Whenever life starts to feel overwhelmingly hectic, our first instinct is often to do anything but rest.
Most of us try to work even harder or plan our weekends full of activities.
The art of rest is something we all have to learn.
Thich Nhat Hanh, the renowned Vietnamese Zen Buddhist monk, said it best in his book The Heart of the Buddha’s Teaching:
“When we humans get sick, we just worry! We look for doctors and medicine, but we don’t stop. Even when we go to the beach or the mountains for a vacation, we don’t rest, and we come back more tired than before. We have to learn to rest.”
Taking time out for healing and renewal is important not only for the body but also for the mind. Rest — in whatever form it takes — is an art that can help to restore energy, sharpen our insight and bring a greater level of balance into our lives.
Rest helps us to recharge our batteries so that we can make the most of our lives. Research shows it can also help to reduce stress levels and fatigue, improve cognitive abilities, and increase focus.1Source: Nature Neuroscience
Rest is essential for physical and mental well-being. That’s why Thich Nhat Hanh warned us to take rest seriously:
“Stopping, calming, and resting are preconditions for healing. If we cannot stop, the course of our destruction will just continue.”
Calming our own minds and bodies allows us to open up to the healing process, which gives us true tranquility. Here are some ways to make rest more accessible to you.
Tips for getting good quality rest
- Get enough sleep. Sleep is essential for physical and mental recovery, so make sure you get enough quality sleep each night. Aim for 7-9 hours of uninterrupted rest in a dark room with no loud noises or bright lights. Stick to a regular bedtime routine as this helps to maintain healthy sleep habits like falling asleep faster and staying asleep longer.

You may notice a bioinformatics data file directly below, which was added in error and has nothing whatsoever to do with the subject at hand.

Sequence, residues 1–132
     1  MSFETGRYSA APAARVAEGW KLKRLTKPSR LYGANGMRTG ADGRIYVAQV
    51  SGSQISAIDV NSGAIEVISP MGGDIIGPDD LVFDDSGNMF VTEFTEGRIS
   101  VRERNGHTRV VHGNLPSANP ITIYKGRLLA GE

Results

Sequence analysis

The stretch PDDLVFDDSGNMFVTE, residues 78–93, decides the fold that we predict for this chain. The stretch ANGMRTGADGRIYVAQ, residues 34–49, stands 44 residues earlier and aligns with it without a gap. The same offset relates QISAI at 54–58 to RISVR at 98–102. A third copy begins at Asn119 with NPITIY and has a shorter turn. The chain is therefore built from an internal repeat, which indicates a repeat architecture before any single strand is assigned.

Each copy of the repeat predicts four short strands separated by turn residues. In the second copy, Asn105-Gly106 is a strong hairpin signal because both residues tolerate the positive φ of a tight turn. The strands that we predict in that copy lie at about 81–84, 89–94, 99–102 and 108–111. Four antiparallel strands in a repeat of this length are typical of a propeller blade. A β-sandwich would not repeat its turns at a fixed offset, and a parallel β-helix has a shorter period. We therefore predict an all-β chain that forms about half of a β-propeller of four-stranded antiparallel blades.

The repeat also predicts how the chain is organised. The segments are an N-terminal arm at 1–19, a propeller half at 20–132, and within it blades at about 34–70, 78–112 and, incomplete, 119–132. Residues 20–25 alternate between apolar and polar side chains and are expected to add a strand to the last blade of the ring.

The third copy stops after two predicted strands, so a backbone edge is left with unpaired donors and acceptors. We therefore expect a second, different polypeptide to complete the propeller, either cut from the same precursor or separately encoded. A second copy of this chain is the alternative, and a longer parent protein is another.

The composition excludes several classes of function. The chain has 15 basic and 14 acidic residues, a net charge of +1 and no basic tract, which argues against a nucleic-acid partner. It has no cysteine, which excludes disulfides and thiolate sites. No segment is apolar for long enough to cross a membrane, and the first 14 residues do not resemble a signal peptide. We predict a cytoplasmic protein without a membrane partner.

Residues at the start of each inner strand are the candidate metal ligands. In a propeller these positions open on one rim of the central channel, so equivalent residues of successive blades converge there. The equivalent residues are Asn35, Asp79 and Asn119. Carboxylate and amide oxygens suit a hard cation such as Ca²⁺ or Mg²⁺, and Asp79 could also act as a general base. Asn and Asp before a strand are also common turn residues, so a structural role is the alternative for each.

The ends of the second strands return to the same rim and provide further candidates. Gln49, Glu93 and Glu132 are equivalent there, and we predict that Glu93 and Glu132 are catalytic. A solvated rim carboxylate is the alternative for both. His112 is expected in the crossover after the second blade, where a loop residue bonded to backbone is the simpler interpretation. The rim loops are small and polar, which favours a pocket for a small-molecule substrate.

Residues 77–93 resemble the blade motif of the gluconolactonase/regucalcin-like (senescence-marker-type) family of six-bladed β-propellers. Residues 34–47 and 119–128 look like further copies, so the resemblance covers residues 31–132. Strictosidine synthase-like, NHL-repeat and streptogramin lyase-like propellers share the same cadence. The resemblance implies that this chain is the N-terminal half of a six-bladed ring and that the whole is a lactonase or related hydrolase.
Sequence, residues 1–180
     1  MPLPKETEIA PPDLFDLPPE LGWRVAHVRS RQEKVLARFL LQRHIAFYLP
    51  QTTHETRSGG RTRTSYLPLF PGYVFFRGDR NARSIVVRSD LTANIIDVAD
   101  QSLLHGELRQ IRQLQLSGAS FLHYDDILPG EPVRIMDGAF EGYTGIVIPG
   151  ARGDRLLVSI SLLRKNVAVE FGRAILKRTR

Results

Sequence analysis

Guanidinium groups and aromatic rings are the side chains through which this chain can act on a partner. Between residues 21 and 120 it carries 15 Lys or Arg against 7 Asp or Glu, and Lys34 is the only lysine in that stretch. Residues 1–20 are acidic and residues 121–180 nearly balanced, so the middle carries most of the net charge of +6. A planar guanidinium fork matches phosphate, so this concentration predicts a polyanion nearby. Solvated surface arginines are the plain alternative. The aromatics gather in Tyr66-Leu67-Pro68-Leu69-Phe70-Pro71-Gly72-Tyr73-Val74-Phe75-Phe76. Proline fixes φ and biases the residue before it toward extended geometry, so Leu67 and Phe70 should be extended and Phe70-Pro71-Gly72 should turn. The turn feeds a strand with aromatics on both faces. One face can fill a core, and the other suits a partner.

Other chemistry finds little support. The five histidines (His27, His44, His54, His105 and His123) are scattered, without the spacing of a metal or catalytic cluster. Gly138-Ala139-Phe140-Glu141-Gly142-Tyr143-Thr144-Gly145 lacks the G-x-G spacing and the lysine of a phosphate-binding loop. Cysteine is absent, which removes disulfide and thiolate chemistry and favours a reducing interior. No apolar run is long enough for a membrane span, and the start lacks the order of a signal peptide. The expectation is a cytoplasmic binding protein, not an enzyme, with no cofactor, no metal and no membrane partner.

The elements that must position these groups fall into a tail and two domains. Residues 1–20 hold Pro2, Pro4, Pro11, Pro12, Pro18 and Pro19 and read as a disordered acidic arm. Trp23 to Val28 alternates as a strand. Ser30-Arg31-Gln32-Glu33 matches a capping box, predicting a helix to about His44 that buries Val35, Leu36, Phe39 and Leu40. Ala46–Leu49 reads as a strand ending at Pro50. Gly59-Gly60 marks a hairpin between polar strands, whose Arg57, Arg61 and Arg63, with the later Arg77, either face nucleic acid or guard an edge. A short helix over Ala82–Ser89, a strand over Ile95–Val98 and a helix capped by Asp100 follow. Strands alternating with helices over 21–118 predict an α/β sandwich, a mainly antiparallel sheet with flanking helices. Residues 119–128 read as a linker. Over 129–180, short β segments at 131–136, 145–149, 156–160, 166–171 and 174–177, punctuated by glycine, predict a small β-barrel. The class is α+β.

- Set boundaries. Allow yourself time each day away from work, family responsibilities, or other commitments that can cause stress and pressure. This could be as little as half an hour dedicated specifically to yourself – no phones or other devices allowed. Create boundaries around this time so that you can honestly relax without feeling guilty about being “unproductive.”
- Take breaks throughout the day. Even when we have busy schedules, it’s important to take mini breaks throughout the day in order to destress and refuel with energy. Take five-minute breathers when you’re feeling overwhelmed or fatigued – go outside for a walk, stretch out, or have a cup of tea – all these activities will help you relax and rejuvenate.
- Beat negative thinking patterns. Negative thoughts can sap energy levels quickly, so it’s important to challenge any unhelpful thinking patterns with positive ones (e.g., “I’m not good enough” could be countered with “I’ve achieved many things already in my life”). Self-compassion can also go a long way here; if you find yourself having particularly difficult thoughts, instead of focusing on them try sending yourself support instead.
- Move your body daily. Moving your body doesn’t necessarily mean going all out at the gym every day (especially if you’re feeling exhausted). Rather it’s about finding ways to move gently that feel good such as walking in nature, participating in gentle yoga classes, or even just dancing around your living room (I know someone who does this almost every day). Any type of movement that boosts your mood (and doesn’t exhaust you) counts as rest.
Prioritizing rest is an essential component of living a happy and peaceful life. In our busy lives, it’s all too easy to succumb to the pressures around us and forget the importance of stepping back and allowing ourselves time to recharge.
Remember that every moment is a new chance to live better. If you feel like you didn’t prioritize rest in the past, start making a change.
That doesn’t mean you have to stop chasing your goals and being ambitious. Keep striving for excellence. And remember that rest is not just a luxury, but a natural part of living a good life.